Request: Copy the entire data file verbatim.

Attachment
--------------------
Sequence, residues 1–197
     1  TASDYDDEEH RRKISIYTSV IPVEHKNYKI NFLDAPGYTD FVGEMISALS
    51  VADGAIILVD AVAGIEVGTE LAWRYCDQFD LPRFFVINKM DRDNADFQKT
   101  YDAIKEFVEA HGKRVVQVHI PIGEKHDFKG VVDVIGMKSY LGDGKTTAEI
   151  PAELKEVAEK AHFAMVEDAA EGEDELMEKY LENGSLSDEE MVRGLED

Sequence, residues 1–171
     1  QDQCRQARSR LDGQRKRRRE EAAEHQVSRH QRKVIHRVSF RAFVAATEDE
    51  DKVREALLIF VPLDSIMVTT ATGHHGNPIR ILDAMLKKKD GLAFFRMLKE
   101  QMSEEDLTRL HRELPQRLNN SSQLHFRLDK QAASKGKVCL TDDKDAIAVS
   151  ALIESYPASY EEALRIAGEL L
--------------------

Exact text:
Sequence, residues 1–197
     1  TASDYDDEEH RRKISIYTSV IPVEHKNYKI NFLDAPGYTD FVGEMISALS
    51  VADGAIILVD AVAGIEVGTE LAWRYCDQFD LPRFFVINKM DRDNADFQKT
   101  YDAIKEFVEA HGKRVVQVHI PIGEKHDFKG VVDVIGMKSY LGDGKTTAEI
   151  PAELKEVAEK AHFAMVEDAA EGEDELMEKY LENGSLSDEE MVRGLED

Sequence, residues 1–171
     1  QDQCRQARSR LDGQRKRRRE EAAEHQVSRH QRKVIHRVSF RAFVAATEDE
    51  DKVREALLIF VPLDSIMVTT ATGHHGNPIR ILDAMLKKKD GLAFFRMLKE
   101  QMSEEDLTRL HRELPQRLNN SSQLHFRLDK QAASKGKVCL TDDKDAIAVS
   151  ALIESYPASY EEALRIAGEL L